The market for software piped over the Internet as a service reached an all-time high of $4.2 billion in 2004. That sum was nearly 40 percent greater than the total in 2003, according to IDC.
Like its Web services (define) cousin, software as a service (SaaS), in which applications are piped over the Internet at a customer’s behest, has snowballed in popularity.
Companies like Salesforce.com, Siebel, Grand Central Networks and Rearden Commerce are charging into the market opportunity, proposing automated software delivery methods as an attractive alternative to the traditional method of buying packaged applications and downloading them.
Buyers from small and medium-sized businesses (SMB) and divisions of larger companies are the most frequent customers of software as a service, according to IDC.
There is no doubt that software as a service has become a driving force within the software industry, said research analyst Erin Traudt. “Indications are that customer adoption will continue over the next five years and spending will remain on the rise.”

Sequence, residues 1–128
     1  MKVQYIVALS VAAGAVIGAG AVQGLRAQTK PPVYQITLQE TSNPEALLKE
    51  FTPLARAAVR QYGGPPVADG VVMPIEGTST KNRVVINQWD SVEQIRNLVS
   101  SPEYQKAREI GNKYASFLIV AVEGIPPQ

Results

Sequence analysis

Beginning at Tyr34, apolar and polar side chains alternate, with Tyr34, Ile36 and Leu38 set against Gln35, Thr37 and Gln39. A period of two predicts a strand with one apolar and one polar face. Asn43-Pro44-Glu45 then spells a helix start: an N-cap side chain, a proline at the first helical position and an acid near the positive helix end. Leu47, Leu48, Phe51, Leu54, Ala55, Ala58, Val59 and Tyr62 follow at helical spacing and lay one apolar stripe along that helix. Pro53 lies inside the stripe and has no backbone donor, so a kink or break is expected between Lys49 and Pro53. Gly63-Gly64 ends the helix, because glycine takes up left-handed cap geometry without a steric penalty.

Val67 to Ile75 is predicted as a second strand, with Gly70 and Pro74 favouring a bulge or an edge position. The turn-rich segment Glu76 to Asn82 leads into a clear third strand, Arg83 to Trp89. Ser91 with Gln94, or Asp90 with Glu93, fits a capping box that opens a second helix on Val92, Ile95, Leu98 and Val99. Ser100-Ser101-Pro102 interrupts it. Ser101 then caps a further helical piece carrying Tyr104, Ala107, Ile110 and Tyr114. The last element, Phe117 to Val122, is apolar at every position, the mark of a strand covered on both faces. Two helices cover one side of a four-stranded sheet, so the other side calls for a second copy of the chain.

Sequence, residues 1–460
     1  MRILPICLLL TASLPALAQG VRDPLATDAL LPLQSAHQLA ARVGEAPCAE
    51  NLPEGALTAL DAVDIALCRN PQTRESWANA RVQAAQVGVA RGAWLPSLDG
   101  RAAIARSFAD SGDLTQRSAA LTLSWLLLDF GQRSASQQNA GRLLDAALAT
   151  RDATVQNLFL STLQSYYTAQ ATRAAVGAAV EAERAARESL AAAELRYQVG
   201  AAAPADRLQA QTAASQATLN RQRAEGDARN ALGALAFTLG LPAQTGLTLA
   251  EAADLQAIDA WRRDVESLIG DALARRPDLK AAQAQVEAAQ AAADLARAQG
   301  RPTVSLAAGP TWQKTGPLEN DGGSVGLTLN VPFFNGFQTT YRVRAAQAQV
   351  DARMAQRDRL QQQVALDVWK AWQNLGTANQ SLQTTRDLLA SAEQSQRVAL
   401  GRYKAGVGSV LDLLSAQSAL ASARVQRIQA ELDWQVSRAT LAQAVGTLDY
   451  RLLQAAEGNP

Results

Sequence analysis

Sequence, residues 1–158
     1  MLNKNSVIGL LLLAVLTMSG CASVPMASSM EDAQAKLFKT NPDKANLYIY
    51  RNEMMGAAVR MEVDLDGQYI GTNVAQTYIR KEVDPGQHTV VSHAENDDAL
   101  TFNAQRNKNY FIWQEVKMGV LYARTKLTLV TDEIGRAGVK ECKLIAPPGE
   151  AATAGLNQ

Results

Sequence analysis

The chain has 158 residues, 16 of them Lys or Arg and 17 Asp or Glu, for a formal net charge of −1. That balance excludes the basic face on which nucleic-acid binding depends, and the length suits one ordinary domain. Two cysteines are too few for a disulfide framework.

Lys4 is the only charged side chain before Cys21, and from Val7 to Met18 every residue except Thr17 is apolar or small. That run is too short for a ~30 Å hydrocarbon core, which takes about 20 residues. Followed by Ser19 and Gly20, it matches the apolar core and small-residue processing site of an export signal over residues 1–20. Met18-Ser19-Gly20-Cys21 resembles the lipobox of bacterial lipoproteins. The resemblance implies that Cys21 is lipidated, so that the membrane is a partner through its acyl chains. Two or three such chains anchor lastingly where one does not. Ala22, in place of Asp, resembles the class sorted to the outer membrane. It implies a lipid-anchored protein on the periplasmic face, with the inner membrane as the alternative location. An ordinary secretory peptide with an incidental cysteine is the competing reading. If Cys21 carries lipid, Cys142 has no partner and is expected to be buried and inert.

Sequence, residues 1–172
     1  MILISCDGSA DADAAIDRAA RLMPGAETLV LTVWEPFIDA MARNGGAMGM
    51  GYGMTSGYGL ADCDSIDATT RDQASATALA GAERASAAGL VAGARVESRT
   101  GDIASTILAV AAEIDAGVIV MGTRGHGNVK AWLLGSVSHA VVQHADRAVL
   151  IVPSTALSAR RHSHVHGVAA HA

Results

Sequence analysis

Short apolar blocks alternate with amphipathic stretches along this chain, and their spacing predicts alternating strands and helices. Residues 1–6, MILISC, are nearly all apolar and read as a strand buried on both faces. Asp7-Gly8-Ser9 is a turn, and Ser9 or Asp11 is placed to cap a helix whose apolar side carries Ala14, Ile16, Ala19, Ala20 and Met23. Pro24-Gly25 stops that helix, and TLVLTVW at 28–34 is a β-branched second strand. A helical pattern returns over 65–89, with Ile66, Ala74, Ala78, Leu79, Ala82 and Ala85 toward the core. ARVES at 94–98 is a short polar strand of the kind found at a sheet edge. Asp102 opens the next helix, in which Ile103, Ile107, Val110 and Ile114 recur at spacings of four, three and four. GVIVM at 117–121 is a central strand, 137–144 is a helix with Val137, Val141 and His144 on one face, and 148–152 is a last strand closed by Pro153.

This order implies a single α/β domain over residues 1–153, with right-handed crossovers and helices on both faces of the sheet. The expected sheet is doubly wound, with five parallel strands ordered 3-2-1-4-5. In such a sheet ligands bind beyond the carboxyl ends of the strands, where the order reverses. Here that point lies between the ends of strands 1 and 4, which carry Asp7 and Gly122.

Traudt said in her report that software as a service will grow steadily at more than 20 percent a year until it tops $10.7 million by 2009. Growth will be driven by new products, customer goals to boost business processes, and new programs to help independent software vendors (ISVs) write software as a service.
Salesforce.com and Siebel are among the first companies to find success with the SaaS distribution model.
Grand Central is another. It offers software integration on-demand.
Rearden launched last winter, professing to be an “Internet concierge” that brings services
to corporate employees on demand.